The U.S. Environmental Protection Agency posted data on 26 additional high or significant hazard coal ash ponds, located in 6 states (Alabama, North Carolina, Illinois, Georgia, Indiana and Kansas). This data add to the final contractor reports the EPA issued September 16 assessing the structural integrity of 17 coal ash ponds across the country.
The EPA rated five coal ash impoundments, located at the Progress Energy Carolinas Cape Fear Plant in Moncure, NC, "poor." According to the EPA, this means, "A management unit safety deficiency is recognized for a required loading condition (static, hydrologic, seismic) in accordance with the applicable dam safety regulatory criteria; remedial action is necessary."
The following statement is from Earthjustice attorney Lisa Evans:
"We thank EPA for taking the proactive and unprecedented course of launching federal inspections of all high hazard and significant hazard coal ash ponds. We also applaud EPA for sharing critical information about these ponds with the public by promptly posting all inspection reports on their website.
"The EPA's inspections so far have resulted in six 'poor' ratings and 15 'fair' ratings at coal ash ponds. The fact that so many high and significant hazard coal ash ponds were below a 'satisfactory' rating means that increased federal oversight is essential to avoid another disaster like the failure at TVA's Kingston Fossil Plant in Harriman, Tennessee, last winter. Today's information about the Progress Energy Cape Fear plant's coal ash ponds shows that these unregulated and ignored sites have deteriorated for far too long. Comprehensive inspection of each of these sites is an excellent step, but only the first step. What is needed are strong federal regulations that protect our health and environment by ensuring this hazardous waste is disposed of properly and securely.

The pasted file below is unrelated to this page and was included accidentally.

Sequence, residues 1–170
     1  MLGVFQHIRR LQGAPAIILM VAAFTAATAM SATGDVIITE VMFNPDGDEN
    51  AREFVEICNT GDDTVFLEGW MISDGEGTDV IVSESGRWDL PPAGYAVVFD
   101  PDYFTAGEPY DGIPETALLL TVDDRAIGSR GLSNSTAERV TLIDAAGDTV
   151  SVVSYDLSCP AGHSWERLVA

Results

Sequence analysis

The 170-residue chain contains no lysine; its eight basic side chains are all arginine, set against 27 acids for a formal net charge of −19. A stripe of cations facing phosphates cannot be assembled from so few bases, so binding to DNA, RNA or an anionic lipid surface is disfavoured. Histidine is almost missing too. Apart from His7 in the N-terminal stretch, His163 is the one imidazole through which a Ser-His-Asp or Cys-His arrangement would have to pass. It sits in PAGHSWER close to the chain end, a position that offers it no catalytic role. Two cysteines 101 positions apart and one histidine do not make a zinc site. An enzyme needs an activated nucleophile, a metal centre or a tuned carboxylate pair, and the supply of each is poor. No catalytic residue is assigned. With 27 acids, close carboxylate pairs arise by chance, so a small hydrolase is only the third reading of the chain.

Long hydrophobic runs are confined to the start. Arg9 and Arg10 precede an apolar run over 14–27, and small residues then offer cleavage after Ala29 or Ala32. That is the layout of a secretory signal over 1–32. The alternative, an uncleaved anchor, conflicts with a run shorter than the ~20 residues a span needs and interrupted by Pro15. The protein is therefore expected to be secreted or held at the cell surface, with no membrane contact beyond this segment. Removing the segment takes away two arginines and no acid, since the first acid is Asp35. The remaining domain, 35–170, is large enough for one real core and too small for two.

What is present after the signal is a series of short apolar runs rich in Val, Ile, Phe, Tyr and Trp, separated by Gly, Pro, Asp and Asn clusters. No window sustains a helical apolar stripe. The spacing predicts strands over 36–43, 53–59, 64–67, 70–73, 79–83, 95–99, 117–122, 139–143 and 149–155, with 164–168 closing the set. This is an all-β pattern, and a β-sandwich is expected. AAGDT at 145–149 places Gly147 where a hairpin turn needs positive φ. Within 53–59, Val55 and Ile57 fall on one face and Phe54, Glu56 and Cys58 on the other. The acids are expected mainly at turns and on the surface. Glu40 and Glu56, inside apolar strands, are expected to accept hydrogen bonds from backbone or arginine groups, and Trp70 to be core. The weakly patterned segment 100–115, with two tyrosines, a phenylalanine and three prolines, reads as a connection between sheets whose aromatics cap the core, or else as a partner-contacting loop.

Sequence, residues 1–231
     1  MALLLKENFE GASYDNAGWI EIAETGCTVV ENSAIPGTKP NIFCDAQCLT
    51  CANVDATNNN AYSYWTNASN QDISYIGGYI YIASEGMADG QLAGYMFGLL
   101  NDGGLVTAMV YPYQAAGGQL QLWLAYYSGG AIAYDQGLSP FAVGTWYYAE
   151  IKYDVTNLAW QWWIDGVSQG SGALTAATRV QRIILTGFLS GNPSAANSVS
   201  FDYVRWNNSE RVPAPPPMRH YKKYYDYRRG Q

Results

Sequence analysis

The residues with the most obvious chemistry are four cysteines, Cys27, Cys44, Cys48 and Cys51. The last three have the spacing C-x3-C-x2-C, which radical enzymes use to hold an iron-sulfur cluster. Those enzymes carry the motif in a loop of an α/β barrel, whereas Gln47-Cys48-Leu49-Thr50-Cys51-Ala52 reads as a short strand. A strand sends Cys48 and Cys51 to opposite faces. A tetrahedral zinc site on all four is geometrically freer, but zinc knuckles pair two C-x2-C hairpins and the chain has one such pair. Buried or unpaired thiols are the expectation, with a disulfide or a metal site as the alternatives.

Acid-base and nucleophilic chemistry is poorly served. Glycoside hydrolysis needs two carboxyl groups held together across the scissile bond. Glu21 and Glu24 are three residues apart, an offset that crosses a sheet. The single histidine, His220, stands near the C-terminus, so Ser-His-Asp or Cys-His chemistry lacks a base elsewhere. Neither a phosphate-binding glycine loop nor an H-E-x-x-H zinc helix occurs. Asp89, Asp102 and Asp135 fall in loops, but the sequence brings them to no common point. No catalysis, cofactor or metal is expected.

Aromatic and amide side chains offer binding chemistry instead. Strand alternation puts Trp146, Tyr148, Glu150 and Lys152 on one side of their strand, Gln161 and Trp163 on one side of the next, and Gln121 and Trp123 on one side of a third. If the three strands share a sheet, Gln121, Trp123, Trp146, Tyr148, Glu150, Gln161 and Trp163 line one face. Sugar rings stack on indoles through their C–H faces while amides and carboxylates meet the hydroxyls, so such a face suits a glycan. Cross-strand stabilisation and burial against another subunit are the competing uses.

"The EPA's inspections completed to date raise several very serious issues concerning these waste ponds and their continued threat to public safety and the environment. First, the inspections reveal that there are more 'high hazard' coal ash ponds than were originally identified. At three of the nine plants assessed in EPA's first round of data, impoundments rated 'significant' by the companies or state were found to warrant a 'high hazard' rating by the federal inspectors because their collapse would likely involve loss of life.
"Second, more frequent inspections of high hazard dams by state or federal officials are needed to ensure public safety. At one of the plants, a government inspection had never been done, and at a second plant, there had not been a state inspection between 2000 and 2009.
"Lastly, EPA is prevented from releasing critical information concerning 13 pond inspections by 'confidential business information' claims. It is critical that EPA quickly resolve these claims so that the public can obtain information essential to the safety of their communities."
Jared Saylor, Earthjustice, (202) 667-4500, ext. 213
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